FDA’s Draft Approach for Designating High-Risk Foods as Required by Section 204 of FSMA February 2014 Section 204(d)(2) of the FDA Food Safety Modernization Act (FSMA) requires the Food and Drug Administration (“FDA” or “we”) to designate high-risk foods 1 (HRFs) for which additional recordkeeping requirements are appropriate and necessary to protect the public health. These additional recordkeeping requirements will make it easier to rapidly and effectively identify recipients of a food to prevent or mitigate a foodborne illness outbreak. Designation of HRFs must be based on the historical public health significance of the food with respect to outbreaks and cases of foodborne disease, as well as a number of food- and processing-related factors. Factors to Be Considered Under section 204(d)(2)(A) of FSMA, FDA’s designation of HRFs must be based on the following factors: i.
the known safety risks of a particular food, including the history and severity of foodborne illness outbreaks attributed to such food, taking into consideration foodborne illness data collected by the Centers for Disease Control and Prevention (CDC);
the likelihood that a particular food has a high potential risk for microbiological or chemical contamination or would support the growth of pathogenic microorganisms due to the nature of the food or the processes used to produce such food;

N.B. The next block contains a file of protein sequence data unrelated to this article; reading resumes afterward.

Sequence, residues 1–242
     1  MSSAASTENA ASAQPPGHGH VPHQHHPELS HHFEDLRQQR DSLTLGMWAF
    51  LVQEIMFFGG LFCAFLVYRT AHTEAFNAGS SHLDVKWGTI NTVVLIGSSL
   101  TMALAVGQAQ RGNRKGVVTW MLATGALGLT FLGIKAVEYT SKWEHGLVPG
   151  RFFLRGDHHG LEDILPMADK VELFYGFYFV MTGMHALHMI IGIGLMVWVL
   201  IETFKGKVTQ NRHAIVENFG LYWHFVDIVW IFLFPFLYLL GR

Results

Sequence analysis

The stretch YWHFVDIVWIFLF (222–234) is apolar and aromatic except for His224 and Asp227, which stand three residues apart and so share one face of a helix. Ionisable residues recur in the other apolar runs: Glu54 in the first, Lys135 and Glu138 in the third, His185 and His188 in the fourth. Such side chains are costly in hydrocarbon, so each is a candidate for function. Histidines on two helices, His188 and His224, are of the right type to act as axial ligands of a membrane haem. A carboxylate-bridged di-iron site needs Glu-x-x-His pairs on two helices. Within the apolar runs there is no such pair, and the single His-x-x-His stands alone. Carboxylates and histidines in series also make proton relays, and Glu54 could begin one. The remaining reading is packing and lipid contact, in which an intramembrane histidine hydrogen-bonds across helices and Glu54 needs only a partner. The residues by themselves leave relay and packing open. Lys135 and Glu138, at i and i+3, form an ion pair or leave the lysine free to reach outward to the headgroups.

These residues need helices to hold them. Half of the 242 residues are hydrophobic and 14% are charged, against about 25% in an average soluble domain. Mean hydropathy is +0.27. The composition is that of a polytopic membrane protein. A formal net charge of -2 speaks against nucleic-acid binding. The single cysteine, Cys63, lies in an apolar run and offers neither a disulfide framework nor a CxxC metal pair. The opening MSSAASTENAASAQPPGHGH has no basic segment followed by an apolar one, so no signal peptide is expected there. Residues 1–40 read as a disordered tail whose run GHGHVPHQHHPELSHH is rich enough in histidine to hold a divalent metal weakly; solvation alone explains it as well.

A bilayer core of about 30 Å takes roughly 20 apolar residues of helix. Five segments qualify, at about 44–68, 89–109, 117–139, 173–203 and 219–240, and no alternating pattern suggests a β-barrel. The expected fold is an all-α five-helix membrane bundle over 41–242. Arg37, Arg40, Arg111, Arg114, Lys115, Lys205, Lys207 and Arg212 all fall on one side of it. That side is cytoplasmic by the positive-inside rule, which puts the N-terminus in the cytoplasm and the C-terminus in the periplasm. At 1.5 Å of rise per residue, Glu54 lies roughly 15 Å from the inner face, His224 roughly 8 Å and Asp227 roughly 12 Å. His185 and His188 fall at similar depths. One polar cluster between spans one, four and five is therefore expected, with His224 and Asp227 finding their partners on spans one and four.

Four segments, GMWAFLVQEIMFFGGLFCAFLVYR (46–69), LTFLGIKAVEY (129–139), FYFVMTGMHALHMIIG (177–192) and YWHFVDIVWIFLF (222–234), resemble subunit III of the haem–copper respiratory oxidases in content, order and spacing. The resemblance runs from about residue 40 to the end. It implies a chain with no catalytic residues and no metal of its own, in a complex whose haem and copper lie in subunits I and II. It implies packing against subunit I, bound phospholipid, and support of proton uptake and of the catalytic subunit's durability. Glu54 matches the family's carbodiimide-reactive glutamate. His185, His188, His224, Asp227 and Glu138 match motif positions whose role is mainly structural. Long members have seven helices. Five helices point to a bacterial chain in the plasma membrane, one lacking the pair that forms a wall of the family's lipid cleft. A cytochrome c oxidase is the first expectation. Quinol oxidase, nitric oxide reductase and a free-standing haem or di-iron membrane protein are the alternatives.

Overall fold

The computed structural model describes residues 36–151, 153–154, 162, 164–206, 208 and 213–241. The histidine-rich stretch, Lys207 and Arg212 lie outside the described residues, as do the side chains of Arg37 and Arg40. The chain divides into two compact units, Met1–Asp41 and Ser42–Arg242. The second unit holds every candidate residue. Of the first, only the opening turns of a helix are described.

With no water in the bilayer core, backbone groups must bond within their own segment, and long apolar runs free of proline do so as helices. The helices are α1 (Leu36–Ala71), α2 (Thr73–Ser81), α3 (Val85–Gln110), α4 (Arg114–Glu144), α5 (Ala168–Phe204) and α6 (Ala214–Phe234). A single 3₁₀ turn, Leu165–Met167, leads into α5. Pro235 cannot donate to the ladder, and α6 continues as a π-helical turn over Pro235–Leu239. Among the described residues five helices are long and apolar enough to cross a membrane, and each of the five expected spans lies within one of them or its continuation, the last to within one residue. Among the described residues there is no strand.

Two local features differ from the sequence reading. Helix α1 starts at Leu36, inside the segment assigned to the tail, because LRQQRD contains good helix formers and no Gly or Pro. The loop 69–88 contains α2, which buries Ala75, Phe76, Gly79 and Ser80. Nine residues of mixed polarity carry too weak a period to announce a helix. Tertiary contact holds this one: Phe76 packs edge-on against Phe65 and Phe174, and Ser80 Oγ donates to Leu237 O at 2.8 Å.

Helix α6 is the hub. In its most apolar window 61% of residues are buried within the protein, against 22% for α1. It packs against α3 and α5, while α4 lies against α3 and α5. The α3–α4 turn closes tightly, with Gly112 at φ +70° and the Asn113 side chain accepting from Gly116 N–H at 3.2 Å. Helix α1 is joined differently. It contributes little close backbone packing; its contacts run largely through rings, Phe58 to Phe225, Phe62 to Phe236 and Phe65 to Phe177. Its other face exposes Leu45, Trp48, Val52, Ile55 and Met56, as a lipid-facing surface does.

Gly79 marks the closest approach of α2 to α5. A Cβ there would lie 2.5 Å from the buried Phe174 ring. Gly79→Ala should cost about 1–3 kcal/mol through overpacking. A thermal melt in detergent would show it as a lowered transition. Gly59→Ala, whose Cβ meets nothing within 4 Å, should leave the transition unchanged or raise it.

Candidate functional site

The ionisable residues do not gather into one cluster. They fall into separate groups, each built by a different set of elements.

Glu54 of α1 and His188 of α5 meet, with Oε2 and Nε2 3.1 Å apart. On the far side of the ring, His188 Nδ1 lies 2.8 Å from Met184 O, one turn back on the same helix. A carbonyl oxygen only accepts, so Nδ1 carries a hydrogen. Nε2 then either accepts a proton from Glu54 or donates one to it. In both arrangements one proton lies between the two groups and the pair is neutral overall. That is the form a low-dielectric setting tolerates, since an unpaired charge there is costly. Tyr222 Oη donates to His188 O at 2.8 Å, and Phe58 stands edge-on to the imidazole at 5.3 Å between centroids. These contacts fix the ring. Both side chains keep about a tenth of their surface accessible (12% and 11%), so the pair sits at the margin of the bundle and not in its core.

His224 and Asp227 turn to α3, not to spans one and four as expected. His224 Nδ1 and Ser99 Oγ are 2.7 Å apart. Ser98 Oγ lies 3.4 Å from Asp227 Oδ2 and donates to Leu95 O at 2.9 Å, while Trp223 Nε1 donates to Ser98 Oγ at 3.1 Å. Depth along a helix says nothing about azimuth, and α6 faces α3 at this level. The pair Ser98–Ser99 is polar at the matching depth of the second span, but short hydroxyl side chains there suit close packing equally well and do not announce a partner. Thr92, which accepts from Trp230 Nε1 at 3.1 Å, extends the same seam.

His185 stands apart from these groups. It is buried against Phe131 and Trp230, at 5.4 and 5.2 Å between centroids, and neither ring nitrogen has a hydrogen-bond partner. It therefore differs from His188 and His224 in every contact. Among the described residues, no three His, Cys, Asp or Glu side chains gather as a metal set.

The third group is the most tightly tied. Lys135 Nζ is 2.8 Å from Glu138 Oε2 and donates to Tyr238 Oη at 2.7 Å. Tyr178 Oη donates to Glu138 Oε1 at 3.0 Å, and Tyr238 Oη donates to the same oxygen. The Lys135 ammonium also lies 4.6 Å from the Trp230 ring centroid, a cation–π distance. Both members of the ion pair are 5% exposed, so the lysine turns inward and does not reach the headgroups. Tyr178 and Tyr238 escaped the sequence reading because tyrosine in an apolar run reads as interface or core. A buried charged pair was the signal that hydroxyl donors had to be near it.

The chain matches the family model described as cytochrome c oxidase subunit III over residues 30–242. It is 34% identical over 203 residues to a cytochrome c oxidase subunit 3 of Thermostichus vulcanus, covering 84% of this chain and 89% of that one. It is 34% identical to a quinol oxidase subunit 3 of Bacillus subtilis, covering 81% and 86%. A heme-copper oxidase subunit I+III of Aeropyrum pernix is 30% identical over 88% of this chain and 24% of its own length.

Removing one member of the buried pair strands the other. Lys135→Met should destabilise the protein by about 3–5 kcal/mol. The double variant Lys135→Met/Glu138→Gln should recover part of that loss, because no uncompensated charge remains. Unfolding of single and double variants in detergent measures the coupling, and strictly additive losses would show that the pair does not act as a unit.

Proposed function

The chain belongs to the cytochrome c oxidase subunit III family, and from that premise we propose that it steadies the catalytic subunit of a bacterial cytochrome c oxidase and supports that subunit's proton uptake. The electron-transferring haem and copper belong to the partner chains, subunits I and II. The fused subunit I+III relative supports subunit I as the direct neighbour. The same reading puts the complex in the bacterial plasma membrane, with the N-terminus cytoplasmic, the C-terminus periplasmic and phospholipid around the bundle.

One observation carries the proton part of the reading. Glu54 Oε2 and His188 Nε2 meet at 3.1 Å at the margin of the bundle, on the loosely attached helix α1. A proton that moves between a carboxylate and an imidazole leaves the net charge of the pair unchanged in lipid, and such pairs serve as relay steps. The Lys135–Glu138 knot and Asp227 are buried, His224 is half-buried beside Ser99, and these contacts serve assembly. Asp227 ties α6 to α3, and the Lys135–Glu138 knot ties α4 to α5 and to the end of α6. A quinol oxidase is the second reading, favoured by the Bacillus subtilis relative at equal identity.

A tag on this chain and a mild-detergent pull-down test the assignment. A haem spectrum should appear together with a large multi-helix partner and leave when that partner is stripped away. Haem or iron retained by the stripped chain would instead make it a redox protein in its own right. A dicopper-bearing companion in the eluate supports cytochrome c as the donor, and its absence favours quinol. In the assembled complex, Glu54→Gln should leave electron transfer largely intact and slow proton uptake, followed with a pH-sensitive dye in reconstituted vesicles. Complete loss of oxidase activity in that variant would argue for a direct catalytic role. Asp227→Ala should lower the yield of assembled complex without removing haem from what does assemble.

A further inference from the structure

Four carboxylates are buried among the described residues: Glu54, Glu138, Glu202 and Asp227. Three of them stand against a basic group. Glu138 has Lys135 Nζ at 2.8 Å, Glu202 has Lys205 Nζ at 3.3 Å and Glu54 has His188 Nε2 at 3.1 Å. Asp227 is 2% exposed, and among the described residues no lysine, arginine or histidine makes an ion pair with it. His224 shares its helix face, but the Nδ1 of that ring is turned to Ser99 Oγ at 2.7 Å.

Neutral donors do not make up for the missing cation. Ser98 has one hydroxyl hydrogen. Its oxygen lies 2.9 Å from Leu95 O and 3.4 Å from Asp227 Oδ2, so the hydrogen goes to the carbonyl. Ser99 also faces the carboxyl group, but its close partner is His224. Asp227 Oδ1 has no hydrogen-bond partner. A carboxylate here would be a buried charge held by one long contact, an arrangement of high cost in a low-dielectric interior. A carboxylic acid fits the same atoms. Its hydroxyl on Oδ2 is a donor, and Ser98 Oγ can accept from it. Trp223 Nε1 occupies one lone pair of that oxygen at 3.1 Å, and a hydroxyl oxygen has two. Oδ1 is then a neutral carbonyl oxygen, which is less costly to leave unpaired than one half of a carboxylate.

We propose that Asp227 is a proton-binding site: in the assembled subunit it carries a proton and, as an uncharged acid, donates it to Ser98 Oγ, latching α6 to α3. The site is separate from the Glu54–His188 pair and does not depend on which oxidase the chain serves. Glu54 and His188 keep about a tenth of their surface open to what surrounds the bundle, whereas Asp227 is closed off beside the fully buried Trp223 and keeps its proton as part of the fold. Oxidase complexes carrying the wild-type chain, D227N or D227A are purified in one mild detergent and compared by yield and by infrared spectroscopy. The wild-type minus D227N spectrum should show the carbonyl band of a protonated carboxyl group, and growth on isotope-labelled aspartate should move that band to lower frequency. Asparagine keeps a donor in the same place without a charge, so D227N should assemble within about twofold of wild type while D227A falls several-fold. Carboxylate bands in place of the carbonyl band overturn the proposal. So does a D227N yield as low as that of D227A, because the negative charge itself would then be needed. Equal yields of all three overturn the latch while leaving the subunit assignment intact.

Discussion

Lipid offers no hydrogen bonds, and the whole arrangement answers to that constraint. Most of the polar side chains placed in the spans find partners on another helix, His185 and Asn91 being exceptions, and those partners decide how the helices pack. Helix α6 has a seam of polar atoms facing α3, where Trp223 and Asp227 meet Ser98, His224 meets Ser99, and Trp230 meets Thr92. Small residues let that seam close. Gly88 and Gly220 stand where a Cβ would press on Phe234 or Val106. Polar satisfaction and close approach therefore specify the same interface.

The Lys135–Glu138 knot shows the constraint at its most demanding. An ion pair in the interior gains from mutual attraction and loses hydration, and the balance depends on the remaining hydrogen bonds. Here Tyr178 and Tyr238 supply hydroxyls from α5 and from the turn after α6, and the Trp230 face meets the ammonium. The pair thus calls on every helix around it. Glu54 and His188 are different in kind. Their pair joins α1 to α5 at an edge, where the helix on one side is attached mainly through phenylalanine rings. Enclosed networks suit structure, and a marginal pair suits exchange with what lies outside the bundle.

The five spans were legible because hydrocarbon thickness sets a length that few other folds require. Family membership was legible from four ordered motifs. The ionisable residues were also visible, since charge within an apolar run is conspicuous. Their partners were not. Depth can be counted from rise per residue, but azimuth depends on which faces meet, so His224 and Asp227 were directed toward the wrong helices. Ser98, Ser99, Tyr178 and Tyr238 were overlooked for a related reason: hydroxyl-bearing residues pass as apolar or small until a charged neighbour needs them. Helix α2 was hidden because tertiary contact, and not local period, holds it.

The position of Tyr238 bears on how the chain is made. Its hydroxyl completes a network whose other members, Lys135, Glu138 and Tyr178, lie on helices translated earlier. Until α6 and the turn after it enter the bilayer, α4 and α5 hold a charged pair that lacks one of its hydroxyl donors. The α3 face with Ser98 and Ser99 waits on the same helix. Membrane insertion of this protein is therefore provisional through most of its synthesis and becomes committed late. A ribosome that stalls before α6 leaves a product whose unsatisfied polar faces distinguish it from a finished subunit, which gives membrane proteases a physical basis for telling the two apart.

the point in the manufacturing process of the food where contamination is most likely to occur;
the likelihood of contamination and steps taken during the manufacturing process to reduce the possibility of contamination;
the likelihood that consuming a particular food will result in a foodborne illness due to contamination of the food; and
the likely or known severity, including health and economic impacts, of a foodborne illness attributed to a particular food.
The choice of the specific approach to be used to designate the HRFs will depend on the specific questions to be addressed, the availability of data, methods, and the timeframe. Available risk tools developed by FDA and others from the published literature span the range of qualitative, semi-quantitative, and quantitative methods. Examples of different methods and their application include: 1) qualitative decision trees or risk rules, such as a likelihood-severity grid for qualitative risk ranking (Bernard et al., 2006); 2) semi-quantitative risk scoring, such as the produce risk ranking model (Anderson et al., 2011); and 3) quantitative risk assessment models, 1
The term ‘‘food’’ is defined in section 201(f) of the Federal Food, Drug, and Cosmetic Act [21 U.S.C. § 321(f)] as: “(1) articles used for food or drink for man or other animals, (2) chewing gum, and (3) articles used for components of any such article.”